Re: Traditional Xtianity teaches

From: Dr. Blake Nelson (bnelson301@yahoo.com)
Date: Tue Oct 08 2002 - 14:04:20 EDT

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    This has touched off quite the discussion on
    political/religious issues, here's my brief two cents
    worth --

    We have stumbled into generalities about political
    party supporters that are as egregious as stereotypes
    about racial groups. In a two-party system like the
    US has, there is tremendous diversity within both
    parties in both the religious affiliation (and
    beliefs) of its members and in the proposed policies
    and the rationales used to support those proposed
    policies. I imagine someone can put together a rant
    about the Democrats being a party reflecting a secular
    humanist agenda -- including the muting of public
    religious voices -- just as well as one can rant about
    Republicans and "religious conservatism," and
    "fascism" -- all terms that have been bandied about
    loosely.

    Such facile views are rarely useful.

    As Terry's comment about the issue points out, the
    goals of both parties (or Christian supporters of the
    parties) are often shared, but they differ on how to
    accomplish agreed goals -- e.g., ameliorate the
    effects of poverty, etc. A christian who votes
    republican voting can point to lots of social science
    data that demonstrates "culture of poverty" cycles
    created by welfare systems. A christian who votes for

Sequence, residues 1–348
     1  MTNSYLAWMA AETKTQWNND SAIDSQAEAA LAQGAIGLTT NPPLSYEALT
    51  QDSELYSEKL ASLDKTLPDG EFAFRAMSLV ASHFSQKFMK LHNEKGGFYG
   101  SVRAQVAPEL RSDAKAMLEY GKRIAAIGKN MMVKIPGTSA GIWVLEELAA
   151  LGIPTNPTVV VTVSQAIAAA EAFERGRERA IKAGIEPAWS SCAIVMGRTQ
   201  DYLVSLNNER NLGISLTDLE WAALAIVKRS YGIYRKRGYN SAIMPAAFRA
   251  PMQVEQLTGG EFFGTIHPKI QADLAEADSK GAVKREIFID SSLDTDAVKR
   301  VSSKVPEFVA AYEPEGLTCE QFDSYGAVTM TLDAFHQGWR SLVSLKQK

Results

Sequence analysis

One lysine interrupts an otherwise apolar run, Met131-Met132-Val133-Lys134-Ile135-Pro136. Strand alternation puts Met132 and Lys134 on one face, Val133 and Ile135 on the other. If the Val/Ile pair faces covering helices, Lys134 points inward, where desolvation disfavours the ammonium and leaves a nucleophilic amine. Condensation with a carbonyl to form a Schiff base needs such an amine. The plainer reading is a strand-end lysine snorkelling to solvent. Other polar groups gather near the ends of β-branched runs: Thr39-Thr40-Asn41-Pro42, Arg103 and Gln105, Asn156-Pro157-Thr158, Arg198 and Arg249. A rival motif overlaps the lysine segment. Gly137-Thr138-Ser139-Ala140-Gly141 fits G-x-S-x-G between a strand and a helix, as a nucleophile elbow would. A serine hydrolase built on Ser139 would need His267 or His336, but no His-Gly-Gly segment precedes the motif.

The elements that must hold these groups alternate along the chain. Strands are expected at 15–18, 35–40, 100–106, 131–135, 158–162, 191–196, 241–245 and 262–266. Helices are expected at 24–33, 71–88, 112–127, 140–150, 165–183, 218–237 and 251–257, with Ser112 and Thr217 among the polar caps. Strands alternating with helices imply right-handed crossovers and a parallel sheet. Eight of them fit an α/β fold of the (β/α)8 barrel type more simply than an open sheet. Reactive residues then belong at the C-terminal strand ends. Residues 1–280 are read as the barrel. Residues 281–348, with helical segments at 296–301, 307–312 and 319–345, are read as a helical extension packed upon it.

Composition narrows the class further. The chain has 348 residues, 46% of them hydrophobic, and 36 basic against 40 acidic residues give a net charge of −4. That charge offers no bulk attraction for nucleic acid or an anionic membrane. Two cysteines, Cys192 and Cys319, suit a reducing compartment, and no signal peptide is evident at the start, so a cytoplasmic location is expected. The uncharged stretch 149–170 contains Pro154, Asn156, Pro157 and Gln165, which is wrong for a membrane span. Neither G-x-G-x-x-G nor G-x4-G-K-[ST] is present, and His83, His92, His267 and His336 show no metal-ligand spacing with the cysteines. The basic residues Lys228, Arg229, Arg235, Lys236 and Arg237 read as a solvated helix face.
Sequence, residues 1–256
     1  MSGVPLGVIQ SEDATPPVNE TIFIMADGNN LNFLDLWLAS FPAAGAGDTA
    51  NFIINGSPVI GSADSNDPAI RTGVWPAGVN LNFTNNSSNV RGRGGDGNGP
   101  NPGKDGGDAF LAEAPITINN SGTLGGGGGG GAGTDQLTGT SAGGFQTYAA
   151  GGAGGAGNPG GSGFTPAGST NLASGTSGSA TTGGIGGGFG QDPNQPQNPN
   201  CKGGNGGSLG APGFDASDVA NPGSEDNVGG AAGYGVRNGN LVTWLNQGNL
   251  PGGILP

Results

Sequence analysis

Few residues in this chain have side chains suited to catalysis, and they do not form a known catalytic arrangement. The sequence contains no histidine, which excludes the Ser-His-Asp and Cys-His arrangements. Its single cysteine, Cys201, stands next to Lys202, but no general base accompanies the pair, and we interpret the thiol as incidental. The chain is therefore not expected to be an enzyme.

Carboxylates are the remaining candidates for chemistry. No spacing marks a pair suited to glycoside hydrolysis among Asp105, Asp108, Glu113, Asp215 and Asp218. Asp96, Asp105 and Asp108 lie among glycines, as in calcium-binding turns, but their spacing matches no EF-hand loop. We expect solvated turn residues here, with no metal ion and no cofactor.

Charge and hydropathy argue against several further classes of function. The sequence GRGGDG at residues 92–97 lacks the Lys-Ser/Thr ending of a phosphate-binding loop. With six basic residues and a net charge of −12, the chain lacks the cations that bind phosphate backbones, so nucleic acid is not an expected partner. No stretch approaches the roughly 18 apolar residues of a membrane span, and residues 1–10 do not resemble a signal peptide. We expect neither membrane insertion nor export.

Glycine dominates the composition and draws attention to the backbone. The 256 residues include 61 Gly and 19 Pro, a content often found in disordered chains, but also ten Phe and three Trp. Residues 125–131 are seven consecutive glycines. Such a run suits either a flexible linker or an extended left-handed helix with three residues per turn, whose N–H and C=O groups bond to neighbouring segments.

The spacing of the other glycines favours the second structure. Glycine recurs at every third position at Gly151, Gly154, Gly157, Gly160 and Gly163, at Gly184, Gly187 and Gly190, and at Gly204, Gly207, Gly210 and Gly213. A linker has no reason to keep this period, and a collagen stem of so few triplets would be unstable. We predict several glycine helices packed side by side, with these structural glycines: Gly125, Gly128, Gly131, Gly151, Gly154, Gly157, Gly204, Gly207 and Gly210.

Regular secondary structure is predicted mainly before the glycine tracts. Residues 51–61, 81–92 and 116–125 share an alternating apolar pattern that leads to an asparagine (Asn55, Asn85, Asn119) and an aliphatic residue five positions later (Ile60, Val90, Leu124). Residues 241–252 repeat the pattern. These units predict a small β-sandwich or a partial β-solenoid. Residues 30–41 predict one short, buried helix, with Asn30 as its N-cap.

the Democrats can do so under the pretense of the
    importance of taking care of the poor, and can decry
    the "heartlessness" of the government for cutting back
    on welfare programs, the "greed" of Republicans, etc.
    Yet, if neither one of those christians is actually
    out there doing what they can to serve the poor, the
    sick, the imprisoned, etc., at least some of the time,
    then perhaps they should both go back and think about
    what our Lord commands us to do. I do not think
    voting for the government to take care of the poor
    eliminates our obligation to do so _personally_.

    I think the most telling tale of modern politics is
    the level of discourse. Although I don't know if the
    level of discourse has ever been very high, but at one
    point in time I know I was not potentially bombarded
    by (hopefully faux)-angry/indignant political
    commentators and politicians and self-proclaimed
    policy wonks doing a bad imitation of all-star
    wrestling or Jerry Springer. Rather than talking
    heads, we have insulting heads, we have clear lies and
    misrepresentations spouted, and its all wrapped up as
    entertainment. I am sure we can trot out
    "unchristian" comments by any commentator. I have
    heard Rush Limbaugh say stupid things, I have heard
    Chris Matthews say stupid things, fact of the matter,
    I don't think there is a single person in the
    three-ring circuses of hawking "political discussion"
    as entertainment who hasn't said something
    mean-spirited and/or stupid at more than one point in
    time (some more so than others).

    Anyway, I think we need to sharpen our points (rather
    than using politics as a bludgeon) if we are to say
    anything useful.

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